Call it deja vote.
The City Council approved last night placing a referendum on November's ballot that will ask city voters to return city elections to the schedule they voted to abandon in 1999.
The council approved the ordinance by a 13-5 vote, with one member, Lois A. Garey, absent. Dissenters said they want to give state lawmakers more time to address the 14-month gap between the city's primary and general elections, which the 1999 vote created.
Until last year, city elections were traditionally held quadrennially in odd-numbered years, with party primaries in September and general elections in November.
In 1999, voters approved a ballot initiative that sought to schedule city elections in even-numbered, presidential election years to eliminate costs of standalone local elections and increase voter turnout.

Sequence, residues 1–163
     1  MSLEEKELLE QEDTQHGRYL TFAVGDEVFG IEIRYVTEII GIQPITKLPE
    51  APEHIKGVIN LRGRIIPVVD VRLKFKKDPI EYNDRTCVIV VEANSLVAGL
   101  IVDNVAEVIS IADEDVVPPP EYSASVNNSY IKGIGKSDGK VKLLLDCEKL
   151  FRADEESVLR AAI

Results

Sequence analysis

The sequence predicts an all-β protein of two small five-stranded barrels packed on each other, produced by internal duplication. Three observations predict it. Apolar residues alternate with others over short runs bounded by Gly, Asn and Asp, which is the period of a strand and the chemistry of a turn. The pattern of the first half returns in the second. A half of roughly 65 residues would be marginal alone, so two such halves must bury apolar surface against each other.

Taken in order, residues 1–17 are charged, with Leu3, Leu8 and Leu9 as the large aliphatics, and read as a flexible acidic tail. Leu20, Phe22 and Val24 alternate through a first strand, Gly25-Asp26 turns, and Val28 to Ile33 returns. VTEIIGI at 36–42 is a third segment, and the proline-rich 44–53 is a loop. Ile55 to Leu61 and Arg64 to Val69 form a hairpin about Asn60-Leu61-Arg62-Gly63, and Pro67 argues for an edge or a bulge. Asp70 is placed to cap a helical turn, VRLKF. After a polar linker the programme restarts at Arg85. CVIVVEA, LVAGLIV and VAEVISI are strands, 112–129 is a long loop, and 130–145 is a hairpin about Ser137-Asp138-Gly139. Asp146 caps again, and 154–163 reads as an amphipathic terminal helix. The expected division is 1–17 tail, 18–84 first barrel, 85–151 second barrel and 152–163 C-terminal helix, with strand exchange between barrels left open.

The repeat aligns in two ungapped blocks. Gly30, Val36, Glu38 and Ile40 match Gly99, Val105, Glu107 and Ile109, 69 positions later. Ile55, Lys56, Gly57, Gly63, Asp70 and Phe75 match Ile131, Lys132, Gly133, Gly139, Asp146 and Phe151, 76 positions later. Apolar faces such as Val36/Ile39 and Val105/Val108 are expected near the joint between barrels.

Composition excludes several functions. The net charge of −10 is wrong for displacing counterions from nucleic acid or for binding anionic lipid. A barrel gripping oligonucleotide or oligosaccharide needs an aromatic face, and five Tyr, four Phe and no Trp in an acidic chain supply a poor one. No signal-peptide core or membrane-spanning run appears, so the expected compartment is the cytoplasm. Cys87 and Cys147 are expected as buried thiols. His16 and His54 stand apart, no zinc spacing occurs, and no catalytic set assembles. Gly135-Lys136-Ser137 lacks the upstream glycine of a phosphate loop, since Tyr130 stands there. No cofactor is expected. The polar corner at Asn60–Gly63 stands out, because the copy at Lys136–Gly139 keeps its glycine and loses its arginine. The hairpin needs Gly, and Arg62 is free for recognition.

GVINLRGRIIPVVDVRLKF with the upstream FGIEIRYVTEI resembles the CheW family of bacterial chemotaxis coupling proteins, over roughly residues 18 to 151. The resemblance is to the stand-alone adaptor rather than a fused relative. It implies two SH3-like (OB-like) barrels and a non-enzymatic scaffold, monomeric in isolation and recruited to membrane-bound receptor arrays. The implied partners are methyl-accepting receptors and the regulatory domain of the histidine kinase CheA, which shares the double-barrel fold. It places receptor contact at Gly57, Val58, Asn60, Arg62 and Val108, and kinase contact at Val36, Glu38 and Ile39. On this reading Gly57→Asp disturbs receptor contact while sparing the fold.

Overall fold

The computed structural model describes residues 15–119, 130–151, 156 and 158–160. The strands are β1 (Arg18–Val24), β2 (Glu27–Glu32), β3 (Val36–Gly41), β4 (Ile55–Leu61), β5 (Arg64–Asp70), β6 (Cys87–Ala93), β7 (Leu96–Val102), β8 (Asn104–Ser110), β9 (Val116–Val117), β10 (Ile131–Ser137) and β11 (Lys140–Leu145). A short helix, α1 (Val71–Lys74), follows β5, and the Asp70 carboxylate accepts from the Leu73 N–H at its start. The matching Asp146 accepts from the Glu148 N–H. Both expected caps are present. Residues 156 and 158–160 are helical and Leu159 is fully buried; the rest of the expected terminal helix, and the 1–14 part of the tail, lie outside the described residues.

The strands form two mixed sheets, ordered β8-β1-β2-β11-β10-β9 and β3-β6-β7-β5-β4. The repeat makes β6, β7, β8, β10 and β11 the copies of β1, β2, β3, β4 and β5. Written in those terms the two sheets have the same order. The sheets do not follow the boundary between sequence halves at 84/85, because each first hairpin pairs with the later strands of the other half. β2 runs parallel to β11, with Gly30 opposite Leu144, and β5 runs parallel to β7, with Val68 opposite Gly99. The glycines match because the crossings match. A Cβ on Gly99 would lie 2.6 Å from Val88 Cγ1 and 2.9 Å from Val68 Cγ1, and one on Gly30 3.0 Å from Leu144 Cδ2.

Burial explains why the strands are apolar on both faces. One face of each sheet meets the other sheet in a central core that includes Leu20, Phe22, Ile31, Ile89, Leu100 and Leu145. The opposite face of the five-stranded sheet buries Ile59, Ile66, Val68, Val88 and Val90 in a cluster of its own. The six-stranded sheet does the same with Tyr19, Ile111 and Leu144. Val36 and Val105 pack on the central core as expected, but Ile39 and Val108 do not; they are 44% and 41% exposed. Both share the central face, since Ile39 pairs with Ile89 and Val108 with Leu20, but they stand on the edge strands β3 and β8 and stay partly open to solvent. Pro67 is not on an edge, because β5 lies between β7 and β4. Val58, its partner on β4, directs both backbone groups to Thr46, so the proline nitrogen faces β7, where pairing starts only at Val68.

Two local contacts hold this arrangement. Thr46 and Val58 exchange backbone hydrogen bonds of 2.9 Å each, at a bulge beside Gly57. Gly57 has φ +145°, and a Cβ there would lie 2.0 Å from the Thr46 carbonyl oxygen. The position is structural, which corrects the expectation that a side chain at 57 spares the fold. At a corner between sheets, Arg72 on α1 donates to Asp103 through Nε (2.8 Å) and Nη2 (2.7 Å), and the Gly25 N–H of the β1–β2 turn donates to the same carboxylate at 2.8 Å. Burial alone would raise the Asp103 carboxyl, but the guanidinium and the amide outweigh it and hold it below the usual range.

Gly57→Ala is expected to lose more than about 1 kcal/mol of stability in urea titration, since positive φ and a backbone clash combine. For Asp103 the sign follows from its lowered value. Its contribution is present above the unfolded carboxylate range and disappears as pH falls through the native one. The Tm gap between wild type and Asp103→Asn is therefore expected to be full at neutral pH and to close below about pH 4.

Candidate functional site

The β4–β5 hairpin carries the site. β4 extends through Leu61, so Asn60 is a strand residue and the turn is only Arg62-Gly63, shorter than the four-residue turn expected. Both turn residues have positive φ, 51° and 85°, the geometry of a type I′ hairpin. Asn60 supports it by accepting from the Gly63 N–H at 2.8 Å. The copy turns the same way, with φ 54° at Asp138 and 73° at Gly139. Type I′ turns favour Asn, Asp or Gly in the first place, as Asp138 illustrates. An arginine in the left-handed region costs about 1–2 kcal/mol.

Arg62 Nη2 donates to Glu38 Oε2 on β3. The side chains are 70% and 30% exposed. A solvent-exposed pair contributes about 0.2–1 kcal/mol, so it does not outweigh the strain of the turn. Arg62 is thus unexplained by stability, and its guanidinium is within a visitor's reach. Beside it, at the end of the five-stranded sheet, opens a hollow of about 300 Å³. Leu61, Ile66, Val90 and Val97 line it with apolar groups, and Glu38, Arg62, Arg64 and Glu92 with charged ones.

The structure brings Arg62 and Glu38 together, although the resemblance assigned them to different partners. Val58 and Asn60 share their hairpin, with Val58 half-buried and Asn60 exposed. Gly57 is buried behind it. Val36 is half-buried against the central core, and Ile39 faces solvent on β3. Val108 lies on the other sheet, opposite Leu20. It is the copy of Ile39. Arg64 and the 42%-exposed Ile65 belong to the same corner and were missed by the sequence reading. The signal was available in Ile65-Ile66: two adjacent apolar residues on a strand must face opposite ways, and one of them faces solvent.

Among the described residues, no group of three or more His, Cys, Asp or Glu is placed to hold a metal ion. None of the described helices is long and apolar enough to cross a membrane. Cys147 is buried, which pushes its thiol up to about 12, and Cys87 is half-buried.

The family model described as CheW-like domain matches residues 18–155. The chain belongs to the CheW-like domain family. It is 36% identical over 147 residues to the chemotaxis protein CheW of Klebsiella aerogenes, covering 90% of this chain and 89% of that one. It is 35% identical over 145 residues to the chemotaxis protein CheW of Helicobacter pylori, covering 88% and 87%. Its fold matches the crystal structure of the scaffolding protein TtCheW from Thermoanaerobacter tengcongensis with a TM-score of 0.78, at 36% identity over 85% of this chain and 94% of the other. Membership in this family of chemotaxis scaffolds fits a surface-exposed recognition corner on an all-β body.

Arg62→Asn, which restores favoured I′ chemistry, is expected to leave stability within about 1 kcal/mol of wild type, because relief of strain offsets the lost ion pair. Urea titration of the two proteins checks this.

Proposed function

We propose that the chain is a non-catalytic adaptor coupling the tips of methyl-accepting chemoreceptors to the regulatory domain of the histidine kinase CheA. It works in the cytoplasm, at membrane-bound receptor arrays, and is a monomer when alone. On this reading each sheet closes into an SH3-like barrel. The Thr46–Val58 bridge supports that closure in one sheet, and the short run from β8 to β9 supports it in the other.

But only state lawmakers can reschedule primaries.
Therefore, the 1999 referendum moved the general election to November 2004 but left the primary on the old schedule of September 2003. The gap created possibly the longest lame-duck term in the nation. Last year, state lawmakers and city officials failed to find a solution.
Councilwoman Rochelle "Rikki" Spector introduced a bill late last year to amend the city's charter and return elections to their old schedule. A charter change requires voter approval.
Council Vice President Stephanie C. Rawlings Blake said the council cannot wait for the state's help.
"If we haven't gotten it fixed in the last four years there's nothing to suggest this [General Assembly] session is going to be any different," she said.
Councilman Kenneth N. Harris Sr. said returning elections to odd-numbered years would entail costs the city cannot afford.